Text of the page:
I like that Mozilla and others are pushing the idea of ethics in computer science: https://blog.mozilla.org/blog/2018/10/10/announcing-a-competition-for-ethics-in-computer-science-with-up-to-3-5-million-in-prizes/.
I hope the results will incorporate ideas of solidarity. Additionally, there should be a related effort to put ethics in business teaching. Most people don't practice computer science skills in a vacuum. Most of them are embedded in corporations. A least in the US, we have become numb to the anything goes as long as it is legal (and don't worry about that either) attitude of business.
We expect all our interactions with business to be antagonistic. We expect to be atomized as employees and customers. We expect businesses to cheat and externalize costs everywhere they can. We expect businesses to rewrite laws in their favor.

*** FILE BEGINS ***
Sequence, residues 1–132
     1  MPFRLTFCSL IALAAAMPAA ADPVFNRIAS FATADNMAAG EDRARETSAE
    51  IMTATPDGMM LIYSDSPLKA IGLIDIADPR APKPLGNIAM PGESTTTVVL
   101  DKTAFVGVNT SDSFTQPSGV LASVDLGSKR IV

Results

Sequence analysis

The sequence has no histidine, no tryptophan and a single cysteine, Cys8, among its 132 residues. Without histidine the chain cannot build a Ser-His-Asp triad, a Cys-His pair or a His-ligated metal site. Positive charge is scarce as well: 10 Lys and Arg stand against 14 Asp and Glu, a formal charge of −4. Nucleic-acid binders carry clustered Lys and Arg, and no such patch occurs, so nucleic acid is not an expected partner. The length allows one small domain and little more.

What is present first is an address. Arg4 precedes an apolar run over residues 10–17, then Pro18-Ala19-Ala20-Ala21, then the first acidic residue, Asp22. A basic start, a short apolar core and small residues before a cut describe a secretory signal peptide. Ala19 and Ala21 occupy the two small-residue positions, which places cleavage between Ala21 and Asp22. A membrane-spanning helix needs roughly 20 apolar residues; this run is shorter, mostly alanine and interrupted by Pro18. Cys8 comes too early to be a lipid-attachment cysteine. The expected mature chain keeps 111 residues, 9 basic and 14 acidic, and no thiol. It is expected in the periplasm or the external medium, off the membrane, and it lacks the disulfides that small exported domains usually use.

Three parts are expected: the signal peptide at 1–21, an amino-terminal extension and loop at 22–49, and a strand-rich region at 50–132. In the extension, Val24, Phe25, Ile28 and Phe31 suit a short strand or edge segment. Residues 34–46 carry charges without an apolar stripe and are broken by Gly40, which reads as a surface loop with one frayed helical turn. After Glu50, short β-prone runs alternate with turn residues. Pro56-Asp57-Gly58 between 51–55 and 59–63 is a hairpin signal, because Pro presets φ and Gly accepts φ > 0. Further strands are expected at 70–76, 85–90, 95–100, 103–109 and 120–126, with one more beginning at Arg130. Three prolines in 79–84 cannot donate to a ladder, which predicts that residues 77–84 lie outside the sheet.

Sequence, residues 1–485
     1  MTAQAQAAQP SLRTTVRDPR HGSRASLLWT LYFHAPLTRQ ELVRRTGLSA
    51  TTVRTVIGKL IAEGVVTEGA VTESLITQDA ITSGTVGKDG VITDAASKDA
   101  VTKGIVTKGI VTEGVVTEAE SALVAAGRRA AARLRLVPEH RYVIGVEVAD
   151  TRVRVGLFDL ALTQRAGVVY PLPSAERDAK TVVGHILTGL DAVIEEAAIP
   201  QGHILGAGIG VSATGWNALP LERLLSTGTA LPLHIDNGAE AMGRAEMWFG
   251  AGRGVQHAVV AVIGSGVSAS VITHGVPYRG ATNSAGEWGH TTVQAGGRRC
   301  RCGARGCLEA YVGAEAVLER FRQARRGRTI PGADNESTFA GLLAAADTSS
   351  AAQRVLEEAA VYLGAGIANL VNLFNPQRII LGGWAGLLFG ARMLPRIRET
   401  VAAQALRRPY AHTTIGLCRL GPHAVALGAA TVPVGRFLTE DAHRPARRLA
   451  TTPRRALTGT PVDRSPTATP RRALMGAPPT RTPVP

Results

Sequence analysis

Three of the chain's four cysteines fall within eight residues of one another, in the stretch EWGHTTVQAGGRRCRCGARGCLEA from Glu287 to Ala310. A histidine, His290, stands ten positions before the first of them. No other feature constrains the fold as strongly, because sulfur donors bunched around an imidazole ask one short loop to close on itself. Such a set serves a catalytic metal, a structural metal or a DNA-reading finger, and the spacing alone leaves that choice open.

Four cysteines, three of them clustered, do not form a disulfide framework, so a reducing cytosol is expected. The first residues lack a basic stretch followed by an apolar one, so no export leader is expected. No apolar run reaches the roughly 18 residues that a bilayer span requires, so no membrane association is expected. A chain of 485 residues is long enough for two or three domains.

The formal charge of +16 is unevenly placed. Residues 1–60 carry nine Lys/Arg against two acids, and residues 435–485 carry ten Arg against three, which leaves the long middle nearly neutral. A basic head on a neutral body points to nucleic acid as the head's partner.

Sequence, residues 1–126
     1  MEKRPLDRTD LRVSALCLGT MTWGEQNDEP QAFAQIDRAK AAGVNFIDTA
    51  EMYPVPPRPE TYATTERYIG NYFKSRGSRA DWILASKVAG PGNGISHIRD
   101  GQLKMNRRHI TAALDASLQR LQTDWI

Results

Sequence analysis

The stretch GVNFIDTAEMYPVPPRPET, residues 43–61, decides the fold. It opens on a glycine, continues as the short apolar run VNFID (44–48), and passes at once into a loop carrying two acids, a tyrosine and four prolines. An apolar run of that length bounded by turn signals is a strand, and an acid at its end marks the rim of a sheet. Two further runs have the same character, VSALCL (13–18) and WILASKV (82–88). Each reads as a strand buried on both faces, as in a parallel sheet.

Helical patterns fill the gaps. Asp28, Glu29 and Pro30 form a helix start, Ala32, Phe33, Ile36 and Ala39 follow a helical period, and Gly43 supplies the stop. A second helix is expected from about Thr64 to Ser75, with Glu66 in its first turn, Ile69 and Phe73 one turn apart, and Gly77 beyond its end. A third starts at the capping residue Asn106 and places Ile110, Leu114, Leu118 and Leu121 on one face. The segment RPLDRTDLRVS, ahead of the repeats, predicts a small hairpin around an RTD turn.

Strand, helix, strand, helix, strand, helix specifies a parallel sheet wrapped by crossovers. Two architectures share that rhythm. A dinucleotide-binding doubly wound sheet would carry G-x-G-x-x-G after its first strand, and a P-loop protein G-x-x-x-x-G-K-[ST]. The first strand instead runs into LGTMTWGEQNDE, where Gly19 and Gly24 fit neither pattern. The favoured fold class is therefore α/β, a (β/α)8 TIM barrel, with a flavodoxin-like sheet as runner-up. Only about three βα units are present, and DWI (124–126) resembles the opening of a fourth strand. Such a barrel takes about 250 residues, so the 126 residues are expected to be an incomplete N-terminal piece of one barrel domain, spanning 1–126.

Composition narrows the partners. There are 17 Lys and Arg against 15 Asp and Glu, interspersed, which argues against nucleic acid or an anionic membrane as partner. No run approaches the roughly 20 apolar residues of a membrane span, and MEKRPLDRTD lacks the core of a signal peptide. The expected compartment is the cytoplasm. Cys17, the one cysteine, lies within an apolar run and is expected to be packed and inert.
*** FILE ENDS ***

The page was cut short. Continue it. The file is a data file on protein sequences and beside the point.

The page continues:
That's the context under which people who study computer science will still find themselves even if we add courses for ethics. We have broad systemic problems, not just an isolated problem in one field.
social.coop is a cooperatively-run corner of the Fediverse. The instance is democratically governed by its members, who generally share an interest in the co-op model, but topics of discussion range widely.
Our instance is supported by sliding scale contributions of $1-10/mo made via Open Collective. You must have an active Open Collective account to apply for membership; you may set one up here